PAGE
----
Speaker 0 37:45 There's the fairly intense tool with a lot of builtin capabilities, often very oriented around the needs of the post production expert, the creative, I need to find things to bounce into a timeline and this NLA, or I need to open it up and find her so I can bring this selection of stuff into an after effects project. And they're going in and out. You know, the man is probably up and running at all times and it's just stuff bouncing back and forth. And they're producing new content using the math, essentially as a tool, as part of that process. And those folks have a lot of pretty specific needs, um, that can tie into all aspects of cat DV. Then there are some other users that often the ability to search for things, or maybe even kick off some of these automation processes and delivery processes are, do review and approval stuff, just so they have a little window into it.
Speaker 0 38:42 And yeah, that looks good. Here's a couple of notes on a few markers on own and tweak that and hold that three seconds longer. Yeah. They need a lighter experience. A lot of them want it on a, a web of browser versus a full on application that they have to launch. They need it to be very simplified. They obviously want it to be supported on modern web browser technology. So different types of platforms, maybe even mobile can support it fluidly and elegantly. So you guys have this thing called the cat DV web, the client, which is different than what do you like the enterprise client is the full client application. And tell me about what's been going on with that because, you know, that serves the needs of this whole other crowd of users. And then again, a thing I really like about cat DV is you inherently have these two tiers of interface. Whereas a lot of the other platforms may be specialized in one and rarely want to get their hands dirty. And another one. So tell me about web client, where you see it's going some of the love that you guys have been giving it and were you aware we can take it and expect it to go and, and how that might serve people?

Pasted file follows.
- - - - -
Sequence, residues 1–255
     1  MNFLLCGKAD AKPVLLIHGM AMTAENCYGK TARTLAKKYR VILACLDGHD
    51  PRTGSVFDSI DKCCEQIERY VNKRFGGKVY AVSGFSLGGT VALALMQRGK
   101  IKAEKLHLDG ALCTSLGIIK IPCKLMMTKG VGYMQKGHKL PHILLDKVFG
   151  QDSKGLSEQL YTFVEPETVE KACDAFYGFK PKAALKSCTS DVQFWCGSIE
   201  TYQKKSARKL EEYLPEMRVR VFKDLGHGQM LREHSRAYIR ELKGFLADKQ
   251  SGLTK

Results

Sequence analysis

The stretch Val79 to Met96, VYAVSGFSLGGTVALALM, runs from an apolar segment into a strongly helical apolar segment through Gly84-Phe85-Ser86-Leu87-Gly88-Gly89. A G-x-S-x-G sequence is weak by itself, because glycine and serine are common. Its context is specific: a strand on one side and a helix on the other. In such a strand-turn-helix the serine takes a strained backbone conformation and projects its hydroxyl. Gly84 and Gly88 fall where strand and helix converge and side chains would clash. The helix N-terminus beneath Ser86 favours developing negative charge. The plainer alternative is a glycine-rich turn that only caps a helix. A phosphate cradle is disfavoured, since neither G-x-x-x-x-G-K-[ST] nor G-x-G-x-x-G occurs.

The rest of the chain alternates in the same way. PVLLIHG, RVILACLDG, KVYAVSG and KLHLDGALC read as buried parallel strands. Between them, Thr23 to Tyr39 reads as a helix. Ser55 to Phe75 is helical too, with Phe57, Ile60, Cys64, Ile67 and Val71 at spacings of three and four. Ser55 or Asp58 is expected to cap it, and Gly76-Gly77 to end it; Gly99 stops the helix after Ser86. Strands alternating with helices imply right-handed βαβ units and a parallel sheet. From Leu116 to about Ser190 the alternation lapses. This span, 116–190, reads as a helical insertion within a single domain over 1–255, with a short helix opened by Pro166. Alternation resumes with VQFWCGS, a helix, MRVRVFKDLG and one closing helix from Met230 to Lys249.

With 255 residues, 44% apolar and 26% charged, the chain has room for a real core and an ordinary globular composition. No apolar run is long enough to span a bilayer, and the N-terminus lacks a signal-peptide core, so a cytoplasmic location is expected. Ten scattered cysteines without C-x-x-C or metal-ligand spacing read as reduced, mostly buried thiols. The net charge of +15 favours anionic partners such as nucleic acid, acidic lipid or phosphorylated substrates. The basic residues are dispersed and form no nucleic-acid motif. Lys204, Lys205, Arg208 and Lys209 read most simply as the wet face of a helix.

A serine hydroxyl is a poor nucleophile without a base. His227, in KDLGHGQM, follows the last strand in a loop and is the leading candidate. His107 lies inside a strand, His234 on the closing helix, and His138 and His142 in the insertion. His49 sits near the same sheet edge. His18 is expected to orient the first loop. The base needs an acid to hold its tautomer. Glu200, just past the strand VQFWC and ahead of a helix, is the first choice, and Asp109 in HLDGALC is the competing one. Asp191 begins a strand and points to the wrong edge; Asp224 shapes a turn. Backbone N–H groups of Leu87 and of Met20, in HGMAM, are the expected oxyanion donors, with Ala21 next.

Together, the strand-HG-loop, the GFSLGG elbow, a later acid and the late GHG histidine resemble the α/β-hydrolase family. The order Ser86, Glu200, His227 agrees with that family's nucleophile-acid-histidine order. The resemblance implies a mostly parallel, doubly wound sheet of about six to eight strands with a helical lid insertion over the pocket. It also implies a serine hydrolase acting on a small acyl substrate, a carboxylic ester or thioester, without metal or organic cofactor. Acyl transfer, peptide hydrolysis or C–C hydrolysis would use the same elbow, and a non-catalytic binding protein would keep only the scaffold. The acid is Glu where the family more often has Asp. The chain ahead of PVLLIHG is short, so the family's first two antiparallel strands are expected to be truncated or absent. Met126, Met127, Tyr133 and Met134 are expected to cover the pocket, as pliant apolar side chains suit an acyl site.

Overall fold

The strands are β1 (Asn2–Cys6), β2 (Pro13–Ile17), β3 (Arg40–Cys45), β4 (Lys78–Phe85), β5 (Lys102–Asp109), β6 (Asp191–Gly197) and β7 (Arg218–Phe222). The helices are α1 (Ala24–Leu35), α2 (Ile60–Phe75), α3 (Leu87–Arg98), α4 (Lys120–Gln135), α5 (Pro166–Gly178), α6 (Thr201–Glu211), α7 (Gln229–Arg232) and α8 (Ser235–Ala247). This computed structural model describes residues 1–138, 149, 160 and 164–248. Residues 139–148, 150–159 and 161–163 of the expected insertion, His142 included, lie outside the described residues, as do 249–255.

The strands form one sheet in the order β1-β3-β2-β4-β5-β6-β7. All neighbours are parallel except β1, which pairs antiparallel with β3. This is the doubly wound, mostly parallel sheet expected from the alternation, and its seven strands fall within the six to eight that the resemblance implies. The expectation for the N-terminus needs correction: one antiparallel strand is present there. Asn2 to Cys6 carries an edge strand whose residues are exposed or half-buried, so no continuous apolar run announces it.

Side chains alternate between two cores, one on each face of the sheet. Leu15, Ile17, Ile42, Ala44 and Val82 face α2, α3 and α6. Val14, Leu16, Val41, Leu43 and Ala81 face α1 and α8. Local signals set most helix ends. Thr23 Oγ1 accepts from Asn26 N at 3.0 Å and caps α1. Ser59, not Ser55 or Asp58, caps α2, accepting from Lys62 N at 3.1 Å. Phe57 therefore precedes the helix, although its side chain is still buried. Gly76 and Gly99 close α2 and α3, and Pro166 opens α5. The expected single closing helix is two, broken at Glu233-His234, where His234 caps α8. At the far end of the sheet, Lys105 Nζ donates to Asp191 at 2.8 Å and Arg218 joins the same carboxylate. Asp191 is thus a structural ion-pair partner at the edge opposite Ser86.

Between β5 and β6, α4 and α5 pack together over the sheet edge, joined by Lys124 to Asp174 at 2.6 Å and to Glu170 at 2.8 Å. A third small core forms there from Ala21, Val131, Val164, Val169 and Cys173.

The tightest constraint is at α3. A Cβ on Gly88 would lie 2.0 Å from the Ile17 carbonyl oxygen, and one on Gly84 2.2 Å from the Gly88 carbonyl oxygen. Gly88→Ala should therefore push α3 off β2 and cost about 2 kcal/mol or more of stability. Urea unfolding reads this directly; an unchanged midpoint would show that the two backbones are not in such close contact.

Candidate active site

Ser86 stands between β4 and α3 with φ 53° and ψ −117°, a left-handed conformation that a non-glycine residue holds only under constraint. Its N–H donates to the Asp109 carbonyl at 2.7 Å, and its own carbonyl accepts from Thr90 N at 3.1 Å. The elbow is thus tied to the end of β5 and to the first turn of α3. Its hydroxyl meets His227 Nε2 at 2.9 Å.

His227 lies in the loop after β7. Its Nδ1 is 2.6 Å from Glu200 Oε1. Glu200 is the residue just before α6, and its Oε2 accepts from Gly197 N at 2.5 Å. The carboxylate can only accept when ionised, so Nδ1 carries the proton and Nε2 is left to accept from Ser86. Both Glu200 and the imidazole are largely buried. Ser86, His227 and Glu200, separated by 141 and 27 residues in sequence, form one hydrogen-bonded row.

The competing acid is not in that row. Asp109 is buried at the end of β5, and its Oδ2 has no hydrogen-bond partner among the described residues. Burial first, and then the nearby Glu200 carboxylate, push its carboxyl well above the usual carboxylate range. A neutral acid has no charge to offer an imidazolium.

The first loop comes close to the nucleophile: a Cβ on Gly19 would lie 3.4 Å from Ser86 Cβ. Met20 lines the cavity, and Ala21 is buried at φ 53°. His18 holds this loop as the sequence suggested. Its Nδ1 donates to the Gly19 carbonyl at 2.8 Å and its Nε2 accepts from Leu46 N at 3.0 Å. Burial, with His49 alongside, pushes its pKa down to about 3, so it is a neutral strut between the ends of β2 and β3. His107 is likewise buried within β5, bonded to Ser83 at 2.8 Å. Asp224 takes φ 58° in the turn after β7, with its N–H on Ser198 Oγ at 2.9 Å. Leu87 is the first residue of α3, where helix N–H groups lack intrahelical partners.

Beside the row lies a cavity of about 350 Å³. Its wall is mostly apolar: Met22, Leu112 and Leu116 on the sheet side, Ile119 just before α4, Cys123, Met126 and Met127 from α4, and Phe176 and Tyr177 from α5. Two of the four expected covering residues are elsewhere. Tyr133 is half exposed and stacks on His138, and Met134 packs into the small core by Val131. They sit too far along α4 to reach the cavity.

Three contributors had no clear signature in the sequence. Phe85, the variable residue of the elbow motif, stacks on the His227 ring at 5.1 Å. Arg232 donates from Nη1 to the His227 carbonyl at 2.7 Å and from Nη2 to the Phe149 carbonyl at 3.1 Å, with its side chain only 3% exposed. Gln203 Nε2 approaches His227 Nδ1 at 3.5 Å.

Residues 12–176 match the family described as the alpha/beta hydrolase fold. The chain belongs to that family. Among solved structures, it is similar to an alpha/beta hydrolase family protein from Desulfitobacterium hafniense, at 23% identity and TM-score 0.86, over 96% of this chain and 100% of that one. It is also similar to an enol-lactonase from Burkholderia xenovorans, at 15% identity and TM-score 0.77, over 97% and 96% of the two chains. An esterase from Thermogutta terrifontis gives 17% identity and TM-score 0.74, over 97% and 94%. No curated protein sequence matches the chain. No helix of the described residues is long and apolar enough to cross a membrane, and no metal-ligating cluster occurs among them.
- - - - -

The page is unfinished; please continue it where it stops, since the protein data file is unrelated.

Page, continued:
Speaker 1 39:52 Yeah. And when we talk about the web plant, actually even that kind of shards down into two different things, because we have the web client and then we have the web services clients. And so the web client is a cut down version of cat DV that very deliberately has a cat DV look and feel to it a much less on the screen and a cut down piece of functionality. But we did a refresh of this last year and we added things like upload download more sophisticated searching sub clipping markers and simple kind of cut lists. At the same time, we, we added the ability to integrate with our server API. So you could kick off some extension workflows in cat DV, and that's pretty cool. That's getting a really nice reaction. And it really was, it was probably a little bit overdue in terms of refresh and it's kind of filled out the product quite a lot.